Clouds. He remembers the word Joy used. She told him they were wisps of water floating in the sky. It had even rained a few times during his stay with the Sky People. If he had learned anything during the encounter with Menace, it was that he needed to protect his gills from the rain. The rain was corrosive; it wasn’t suitable to breath, so he wrapped his clothes around his neck when he felt the electric jolts splay across the sky.

A slight wind blew through the metal bars, and with it a dingy feather. The presence of something so alien forced his charade of sleep. The cell next to him houses a sky person; his wings were mottled with dust and grime as his they dragged on the floor.

Shield sat up and rubbed his feet on the filthy stone floor. Tiny stones stuck to the webs between his toes. He reached for the feather and twisted it in front of his eyes. He didn’t really look at it, but studied the political prisoner next to him. When Altair was first imprisoned, he held his head and plumage high. It added beautifully to his height. His wings never touched the ground.

But now… Altair rocked back and forth on the floor, tearing out untamed feathers and flinging them toward the barred ceiling. It was sad, the man was so proud, and it didn’t matter that Shield wasn’t a Sky Person.

Altair, Shield thought. He allowed the name to float around in his brain. Unlike his people, the Sky People had unique names. Names that didn’t even tell who they were! It took a week for Shield to figure out Altair was akin to a cleric, but his acumen in politics was lacking. When he and Joy acted, they damned the Sky People. And they weren’t happy about it.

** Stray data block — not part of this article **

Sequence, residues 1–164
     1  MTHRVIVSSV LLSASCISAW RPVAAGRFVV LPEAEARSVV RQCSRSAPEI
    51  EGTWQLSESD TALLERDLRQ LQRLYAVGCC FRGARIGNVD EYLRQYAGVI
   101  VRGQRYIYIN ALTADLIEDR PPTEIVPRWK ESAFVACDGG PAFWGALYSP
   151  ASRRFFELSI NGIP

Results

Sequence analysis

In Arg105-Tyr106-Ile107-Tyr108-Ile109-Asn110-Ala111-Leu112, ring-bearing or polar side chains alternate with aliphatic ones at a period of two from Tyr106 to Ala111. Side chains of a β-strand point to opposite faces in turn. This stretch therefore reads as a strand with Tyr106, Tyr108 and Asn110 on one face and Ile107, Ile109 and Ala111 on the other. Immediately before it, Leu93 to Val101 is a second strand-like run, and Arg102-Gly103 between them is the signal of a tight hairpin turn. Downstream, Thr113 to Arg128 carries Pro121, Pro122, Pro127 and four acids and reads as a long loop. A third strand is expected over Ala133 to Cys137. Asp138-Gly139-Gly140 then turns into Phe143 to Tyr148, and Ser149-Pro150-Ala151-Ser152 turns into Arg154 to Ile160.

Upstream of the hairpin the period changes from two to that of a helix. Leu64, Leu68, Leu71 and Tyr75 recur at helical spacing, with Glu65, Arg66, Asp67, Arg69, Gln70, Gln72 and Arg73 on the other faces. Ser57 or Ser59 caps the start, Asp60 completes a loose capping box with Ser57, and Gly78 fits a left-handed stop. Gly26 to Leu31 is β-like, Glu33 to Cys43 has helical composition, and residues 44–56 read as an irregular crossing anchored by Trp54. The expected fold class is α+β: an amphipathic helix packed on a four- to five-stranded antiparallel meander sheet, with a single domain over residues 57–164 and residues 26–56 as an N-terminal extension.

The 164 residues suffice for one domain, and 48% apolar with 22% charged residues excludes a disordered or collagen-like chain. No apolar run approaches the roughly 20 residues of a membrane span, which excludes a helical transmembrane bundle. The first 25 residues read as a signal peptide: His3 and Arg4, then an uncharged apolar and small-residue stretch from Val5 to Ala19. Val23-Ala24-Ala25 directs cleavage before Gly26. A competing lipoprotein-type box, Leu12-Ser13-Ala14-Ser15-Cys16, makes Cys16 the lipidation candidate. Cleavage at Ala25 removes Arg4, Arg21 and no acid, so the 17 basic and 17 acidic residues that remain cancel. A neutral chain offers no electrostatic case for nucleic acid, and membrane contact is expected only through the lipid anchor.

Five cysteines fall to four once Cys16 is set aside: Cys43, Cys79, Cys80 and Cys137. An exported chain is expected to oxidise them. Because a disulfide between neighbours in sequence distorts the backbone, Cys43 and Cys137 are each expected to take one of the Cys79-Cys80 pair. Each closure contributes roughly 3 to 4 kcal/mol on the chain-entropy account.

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Path and Fruition


As you already know I’m not writing this in chronological order. I’m gonna go with this sequence: Joy POV, Shield POV, Joy Flashback/forward, Shield Flashback/forward. I’m thinking this flash forward and the next come somewhere after the story last weekend, but before some story I’ve written, and haven’t seen yet. This’ll be the first 1k of my weekend goal of 10k. I’ve edited the other story chunks already revealed to indicate where in the sequence it falls. I’ve worked in prompts from Word-A-Week, Inspiration Monday, #3WW and went over the word count for #WOW555.